Welcome to the web home of THE EAGLE SOCIETY.

THE EAGLE SOCIETY is dedicated to the memory of EAGLE - Britain's National Picture Strip Weekly - the leading Boy's magazine of the 1950s and 1960s. We publish an A4, quarterly journal - the Eagle Times.

This weblog has been created to provide an additional, more immediate, forum for news and commentary about the society and EAGLE-related issues. Want to know more? See First Post and Eagle - How it began.

Saturday, 15 February 2020


TV Century 21 weekly was launched in January 1965, primarily to promote Gerry Anderson's futuristic TV series, namely Supercar, Fireball XL5 and Stingray. His greatest success, Thunderbirds would follow a year later. The new weekly was heavily influenced by EAGLE, which is hardly surprising as EAGLE had been a great success in the preceding decade and its lead strip, Dan Dare was easily Britain's best and most popular space adventure strip. Like Dan Dare, TV Century 21 was about adventure in the future and its editor Alan Fennell was keen to emulate EAGLE's success. He persuaded many of EAGLE's former artists to join the new weekly and his efforts proved fruitful as TV Century 21 outsold the sixties EAGLE and its other adventure strip rivals in its first few years of publication. The steadily declining popularity of Gerry Anderson's series which followed Thunderbirds, coupled with a change of publisher and the loss of rights to Anderson's programmes led to declining sales and TV 21 was absorbed into Valiant in 1971.

In its early years, TV Century 21's size, paper quality, printer and layout were the same as EAGLE's. Eric Bemrose Ltd. of Liverpool printed both papers using the Photogravure process and during the sixties, both ran to twenty or sometimes twenty four pages, with six in colour. The front page of TV Century 21 was set out as a newspaper, which was a device first used by EAGLE in two episodes of Dan Dare. No less than six former Dan Dare artists illustrated strips in TV Century 21 while two more contributed to related publications. In addition to these, six others who had previously contributed to EAGLE, illustrated strips in TV Century 21 at various times during its six and a half year run and another three drew strips for annuals and specials. Of the Dan Dare artists, Eric Eden drew Lady Penelope and The Daleks, Don Harley drew Thunderbirds, Captain Scarlet and Lady Penelope, Frank Bellamy drew Thunderbirds, Harold Johns drew Star Trek and Keith Watson drew Captain Scarlet and Joe 90. Keith originally drew Joe 90 for the Joe 90:Top Secret comic before it was merged into TV 21 and he wrote several stories himself. Dan Dare's creator Frank Hampson  drew a few episodes of Fireball XL5 for the weekly and a Lady Penelope story for a TV Century 21 Summer Extra in 1965. The two Dan Dare artists who drew for related publications, were Eric Kincaid, who drew a Fireball XL5 strip for a TV Century 21 Annual and Desmond Walduck who drew several Fireball XL5 strips for the pre-TV Century 21 Fireball XL5 Annuals. Finally, David Motton, who wrote the Dan Dare strip from 1962 until 1966, wrote some Burke's Law stories for TV Century 21.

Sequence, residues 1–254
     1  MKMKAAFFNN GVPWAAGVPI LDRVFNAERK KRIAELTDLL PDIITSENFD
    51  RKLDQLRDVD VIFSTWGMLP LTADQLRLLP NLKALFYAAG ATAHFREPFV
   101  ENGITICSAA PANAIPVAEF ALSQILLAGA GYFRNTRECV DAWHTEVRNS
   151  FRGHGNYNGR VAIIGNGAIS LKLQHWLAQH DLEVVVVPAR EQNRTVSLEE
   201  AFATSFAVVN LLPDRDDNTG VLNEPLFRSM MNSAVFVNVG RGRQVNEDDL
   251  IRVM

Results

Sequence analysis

Of the other former EAGLE artists, Paul Trevillion, who drew Can You Catch a Crook? and U.F.O. Agent for EAGLE, drew Burke's Law and The Munsters for TV 21. Richard Jennings, who drew Tommy Walls, Storm Nelson, Earthquake Island and U.F.O. Agent for EAGLE, drew The Daleks. Harry Lindfield, who drew Mark Question for EAGLE, drew Star Trek. Ron Embleton, who drew Johnny Frog for EAGLE, produced illustrations for the credits sequence on the Captain Scarlet TV series and drew Stingray for TV 21, while his brother Gerry, who had drawn a few episodes of Riders of the Range and some factual strips for EAGLE, also drew Stingray and Catch or Kill. He would later draw Dan Dare for the 1980s EAGLE. John M. Burns, who drew Wrath of the Gods for EAGLE, also drew Catch or Kill and he too would later draw Dan Dare for the 1980s EAGLE as well as The Fists of Danny Pike. 

Three former EAGLE artists drew strips for TV 21 related publications: Pat Williams drew a Fireball XL5 strip for TV 21's 1965 Summer Extra, having produced many factual strips for EAGLE. Gerald Haylock, who drew Knights of the Road and The Guinea Pig for EAGLE, drew Land of the Giants for TV 21's companion paper Joe 90 and Gerry Anderson's U.F.O. for Countdown, while Brian Lewis, who had also drawn The Guinea Pig, as well as Home of the Wanderers and Mann of Battle for EAGLE, drew a Thunderbirds strip for a one-off Thunderbirds Extra in 1966. Brian would later draw a Dan Dare strip for the 2000 A.D. version of the character. Don Harley also produced a Thunderbirds strip for the 1966 Extra and some new Thunderbirds strips for Countdown weekly in 1971, after it acquired the publication rights. Another former EAGLE employee also worked on, TV 21. This was Roger Perry, who had been a layout artist on EAGLE in the early sixties. He worked as Art Editor on TV 21 and its companion comics from 1966 until 1969.